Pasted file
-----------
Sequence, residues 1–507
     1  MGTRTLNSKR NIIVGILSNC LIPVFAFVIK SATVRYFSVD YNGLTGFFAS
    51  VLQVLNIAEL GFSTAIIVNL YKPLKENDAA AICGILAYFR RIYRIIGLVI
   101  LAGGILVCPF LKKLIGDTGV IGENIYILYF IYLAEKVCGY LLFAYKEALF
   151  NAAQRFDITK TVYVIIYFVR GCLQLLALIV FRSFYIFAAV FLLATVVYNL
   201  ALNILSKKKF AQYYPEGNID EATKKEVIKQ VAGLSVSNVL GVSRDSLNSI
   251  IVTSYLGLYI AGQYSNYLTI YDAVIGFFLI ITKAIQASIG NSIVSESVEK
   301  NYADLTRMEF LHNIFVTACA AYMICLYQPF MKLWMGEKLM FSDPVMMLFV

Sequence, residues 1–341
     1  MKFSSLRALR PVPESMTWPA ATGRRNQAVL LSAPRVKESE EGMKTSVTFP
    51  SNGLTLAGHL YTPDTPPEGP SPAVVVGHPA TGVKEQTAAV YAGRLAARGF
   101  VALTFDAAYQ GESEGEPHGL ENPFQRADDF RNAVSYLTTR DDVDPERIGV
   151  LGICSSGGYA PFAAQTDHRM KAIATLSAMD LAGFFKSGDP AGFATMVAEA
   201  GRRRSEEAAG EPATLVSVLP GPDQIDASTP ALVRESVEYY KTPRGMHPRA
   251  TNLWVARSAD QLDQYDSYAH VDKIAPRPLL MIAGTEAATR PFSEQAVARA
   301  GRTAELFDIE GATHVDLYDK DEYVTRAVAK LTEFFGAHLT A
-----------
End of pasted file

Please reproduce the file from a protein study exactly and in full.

Sequence, residues 1–507
     1  MGTRTLNSKR NIIVGILSNC LIPVFAFVIK SATVRYFSVD YNGLTGFFAS
    51  VLQVLNIAEL GFSTAIIVNL YKPLKENDAA AICGILAYFR RIYRIIGLVI
   101  LAGGILVCPF LKKLIGDTGV IGENIYILYF IYLAEKVCGY LLFAYKEALF
   151  NAAQRFDITK TVYVIIYFVR GCLQLLALIV FRSFYIFAAV FLLATVVYNL
   201  ALNILSKKKF AQYYPEGNID EATKKEVIKQ VAGLSVSNVL GVSRDSLNSI
   251  IVTSYLGLYI AGQYSNYLTI YDAVIGFFLI ITKAIQASIG NSIVSESVEK
   301  NYADLTRMEF LHNIFVTACA AYMICLYQPF MKLWMGEKLM FSDPVMMLFV

Sequence, residues 1–341
     1  MKFSSLRALR PVPESMTWPA ATGRRNQAVL LSAPRVKESE EGMKTSVTFP
    51  SNGLTLAGHL YTPDTPPEGP SPAVVVGHPA TGVKEQTAAV YAGRLAARGF
   101  VALTFDAAYQ GESEGEPHGL ENPFQRADDF RNAVSYLTTR DDVDPERIGV
   151  LGICSSGGYA PFAAQTDHRM KAIATLSAMD LAGFFKSGDP AGFATMVAEA
   201  GRRRSEEAAG EPATLVSVLP GPDQIDASTP ALVRESVEYY KTPRGMHPRA
   251  TNLWVARSAD QLDQYDSYAH VDKIAPRPLL MIAGTEAATR PFSEQAVARA
   301  GRTAELFDIE GATHVDLYDK DEYVTRAVAK LTEFFGAHLT A